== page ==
I could feel myself deflating as I was ushered back out of the door, meekly accepting a referral letter to a specialised paediatric audiologist with a warning that they could send me straight back to him depending on what they find. Walking away from the ENT’s rooms with my ‘neat and tidy solution’ dreams in tatters I fought back tears of disappointment and frustration while listening to my little man cheerfully chirping next to me, excitedly pushing buttons with his little hands to call the lift to take us back downstairs and out into the parking lot. There was a storm of conflicting emotions going on inside me. How could this doctor’s feedback be the polar opposite of the previous one’s when she had used sophisticated looking instruments and taken her time giving The Guy a thorough examination while doctor 2 had just glanced into the ears with a light for 10 seconds and waved us on our way? He is a specialist though, surely he knew what he was doing and could interpret what he was looking at? Maybe he didn’t need the fancy instruments? But the first doctor told me that there was defintely build up and it was affecting his hearing, how had that vanished in the space of a few days? If there was really nothing there, how could we explain The Guy’s speech?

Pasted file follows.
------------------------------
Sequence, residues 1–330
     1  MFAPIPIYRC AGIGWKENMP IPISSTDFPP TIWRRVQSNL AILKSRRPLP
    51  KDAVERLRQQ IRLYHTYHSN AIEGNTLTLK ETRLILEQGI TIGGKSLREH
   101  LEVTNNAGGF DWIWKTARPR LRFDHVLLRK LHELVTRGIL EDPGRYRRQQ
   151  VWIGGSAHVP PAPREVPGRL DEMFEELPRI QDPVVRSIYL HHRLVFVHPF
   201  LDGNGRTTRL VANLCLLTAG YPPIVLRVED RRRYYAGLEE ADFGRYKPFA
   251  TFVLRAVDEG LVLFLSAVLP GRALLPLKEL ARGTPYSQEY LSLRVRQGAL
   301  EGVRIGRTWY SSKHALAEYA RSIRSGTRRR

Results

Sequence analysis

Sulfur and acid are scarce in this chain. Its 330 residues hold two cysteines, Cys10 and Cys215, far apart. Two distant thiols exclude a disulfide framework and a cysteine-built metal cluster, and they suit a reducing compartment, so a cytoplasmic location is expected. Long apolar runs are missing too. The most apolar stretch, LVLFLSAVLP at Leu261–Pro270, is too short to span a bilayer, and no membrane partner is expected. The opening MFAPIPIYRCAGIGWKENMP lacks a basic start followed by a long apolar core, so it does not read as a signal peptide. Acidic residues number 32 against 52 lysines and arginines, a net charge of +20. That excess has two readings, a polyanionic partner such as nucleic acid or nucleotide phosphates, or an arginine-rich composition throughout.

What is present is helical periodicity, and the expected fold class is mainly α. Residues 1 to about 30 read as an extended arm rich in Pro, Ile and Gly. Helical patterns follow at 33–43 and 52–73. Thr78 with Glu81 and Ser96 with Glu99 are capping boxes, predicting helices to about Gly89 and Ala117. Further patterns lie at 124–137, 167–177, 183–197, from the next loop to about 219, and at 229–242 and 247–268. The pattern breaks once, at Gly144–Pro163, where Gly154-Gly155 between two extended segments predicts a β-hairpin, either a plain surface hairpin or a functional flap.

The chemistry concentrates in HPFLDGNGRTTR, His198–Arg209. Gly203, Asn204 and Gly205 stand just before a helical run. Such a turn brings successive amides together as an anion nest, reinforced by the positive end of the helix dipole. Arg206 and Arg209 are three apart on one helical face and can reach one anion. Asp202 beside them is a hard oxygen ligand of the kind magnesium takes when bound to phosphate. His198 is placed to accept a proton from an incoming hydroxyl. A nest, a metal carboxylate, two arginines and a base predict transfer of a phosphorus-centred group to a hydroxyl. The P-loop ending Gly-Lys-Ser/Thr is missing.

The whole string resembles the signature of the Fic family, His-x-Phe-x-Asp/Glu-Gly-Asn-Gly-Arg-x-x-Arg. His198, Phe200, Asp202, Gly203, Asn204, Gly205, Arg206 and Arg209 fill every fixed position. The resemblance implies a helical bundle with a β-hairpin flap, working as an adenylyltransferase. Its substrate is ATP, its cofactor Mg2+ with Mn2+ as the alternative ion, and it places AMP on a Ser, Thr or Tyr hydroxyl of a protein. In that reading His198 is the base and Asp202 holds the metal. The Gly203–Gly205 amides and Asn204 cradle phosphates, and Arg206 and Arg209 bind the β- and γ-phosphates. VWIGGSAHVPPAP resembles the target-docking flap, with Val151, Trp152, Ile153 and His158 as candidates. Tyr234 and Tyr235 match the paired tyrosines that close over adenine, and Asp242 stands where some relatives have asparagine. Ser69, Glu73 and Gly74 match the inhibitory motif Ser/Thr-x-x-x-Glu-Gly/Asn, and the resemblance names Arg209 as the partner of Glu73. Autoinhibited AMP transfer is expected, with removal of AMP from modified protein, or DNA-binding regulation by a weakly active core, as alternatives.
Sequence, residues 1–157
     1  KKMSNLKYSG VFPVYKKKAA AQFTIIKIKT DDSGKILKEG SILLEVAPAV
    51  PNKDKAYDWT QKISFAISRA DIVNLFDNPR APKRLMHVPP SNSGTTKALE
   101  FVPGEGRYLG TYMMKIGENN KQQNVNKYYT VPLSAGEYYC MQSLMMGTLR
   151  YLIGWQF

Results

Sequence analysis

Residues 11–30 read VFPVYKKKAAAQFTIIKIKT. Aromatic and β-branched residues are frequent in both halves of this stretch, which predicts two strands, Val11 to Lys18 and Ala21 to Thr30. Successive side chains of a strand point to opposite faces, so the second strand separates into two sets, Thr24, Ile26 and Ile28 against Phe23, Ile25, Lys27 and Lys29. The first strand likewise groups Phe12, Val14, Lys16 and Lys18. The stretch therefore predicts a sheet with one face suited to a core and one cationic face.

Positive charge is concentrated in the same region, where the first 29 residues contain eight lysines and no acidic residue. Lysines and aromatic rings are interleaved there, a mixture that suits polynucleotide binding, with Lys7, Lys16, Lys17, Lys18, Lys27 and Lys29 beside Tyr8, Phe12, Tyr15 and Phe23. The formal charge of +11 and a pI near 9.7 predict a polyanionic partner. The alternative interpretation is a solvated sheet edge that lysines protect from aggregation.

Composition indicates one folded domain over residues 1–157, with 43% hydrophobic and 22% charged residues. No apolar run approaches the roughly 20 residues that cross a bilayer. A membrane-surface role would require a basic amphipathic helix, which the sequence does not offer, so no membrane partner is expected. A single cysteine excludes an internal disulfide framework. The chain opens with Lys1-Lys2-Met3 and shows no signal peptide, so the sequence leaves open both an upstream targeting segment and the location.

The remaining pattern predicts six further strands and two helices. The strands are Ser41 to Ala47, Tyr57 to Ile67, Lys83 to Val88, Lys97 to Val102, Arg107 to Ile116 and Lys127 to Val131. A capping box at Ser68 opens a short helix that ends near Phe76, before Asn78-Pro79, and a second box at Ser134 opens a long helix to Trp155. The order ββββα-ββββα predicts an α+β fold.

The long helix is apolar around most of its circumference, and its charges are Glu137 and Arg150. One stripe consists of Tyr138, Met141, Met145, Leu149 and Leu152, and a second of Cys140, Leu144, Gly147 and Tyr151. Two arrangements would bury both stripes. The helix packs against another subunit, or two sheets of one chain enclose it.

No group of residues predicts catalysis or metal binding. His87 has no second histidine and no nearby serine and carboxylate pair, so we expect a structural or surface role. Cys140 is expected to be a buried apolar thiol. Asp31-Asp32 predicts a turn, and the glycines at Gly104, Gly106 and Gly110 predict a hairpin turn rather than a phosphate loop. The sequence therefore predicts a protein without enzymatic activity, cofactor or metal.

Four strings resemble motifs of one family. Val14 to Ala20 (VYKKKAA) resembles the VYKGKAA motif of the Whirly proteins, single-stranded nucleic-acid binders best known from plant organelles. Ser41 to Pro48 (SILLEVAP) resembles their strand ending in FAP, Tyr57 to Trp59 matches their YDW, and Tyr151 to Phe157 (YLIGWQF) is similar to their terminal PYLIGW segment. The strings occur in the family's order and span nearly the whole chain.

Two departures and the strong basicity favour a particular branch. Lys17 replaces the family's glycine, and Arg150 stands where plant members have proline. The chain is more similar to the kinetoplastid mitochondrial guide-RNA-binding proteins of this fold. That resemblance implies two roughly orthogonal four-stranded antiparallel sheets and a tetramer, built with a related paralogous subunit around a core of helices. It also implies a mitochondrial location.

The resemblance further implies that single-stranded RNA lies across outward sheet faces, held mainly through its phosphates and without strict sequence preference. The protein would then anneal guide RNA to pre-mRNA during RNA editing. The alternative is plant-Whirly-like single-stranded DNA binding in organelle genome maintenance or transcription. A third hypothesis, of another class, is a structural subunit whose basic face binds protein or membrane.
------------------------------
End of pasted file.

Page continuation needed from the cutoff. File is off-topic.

I desperately wanted to trust that the specialists knew what they were doing, but deep down I was feeling very unsettled and uneasy, a feeling that just got worse as I spoke to other professionals and parents who worked with or had experienced similar with their own children and patients. The overwhelming consensus from my heart, my support system and, interestingly enough, the paediatric audiologists to whom I had been referred, was to take the Guy to another ENT for a second opinion.

And so there we were, back at square one, empty handed with no answers once again. The puzzle that had fitted together so perfectly only hours before was back in pieces – we needed to start again at the very beginning.

To be continued…

5 thoughts on “Facing and Embracing The Music (Part 2)”

  1. Philip Jannasch

    What an amazing gift you have to showcase emotions without complaining and still managing to make it a captive piece of reading.

  2. My heart goes out to you. Nothing worse than a problem where you don’t know what the problem is. Prayers and Hugs and solutions are on the way.